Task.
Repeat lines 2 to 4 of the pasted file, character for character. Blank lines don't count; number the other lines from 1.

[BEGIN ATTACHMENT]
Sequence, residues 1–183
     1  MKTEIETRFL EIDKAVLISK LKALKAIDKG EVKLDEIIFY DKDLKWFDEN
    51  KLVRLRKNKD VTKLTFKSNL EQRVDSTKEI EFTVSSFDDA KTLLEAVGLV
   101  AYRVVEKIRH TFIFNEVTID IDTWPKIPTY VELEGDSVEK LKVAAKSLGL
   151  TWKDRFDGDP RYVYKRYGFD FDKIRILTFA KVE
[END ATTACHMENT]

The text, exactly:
     1  MKTEIETRFL EIDKAVLISK LKALKAIDKG EVKLDEIIFY DKDLKWFDEN
    51  KLVRLRKNKD VTKLTFKSNL EQRVDSTKEI EFTVSSFDDA KTLLEAVGLV
   101  AYRVVEKIRH TFIFNEVTID IDTWPKIPTY VELEGDSVEK LKVAAKSLGL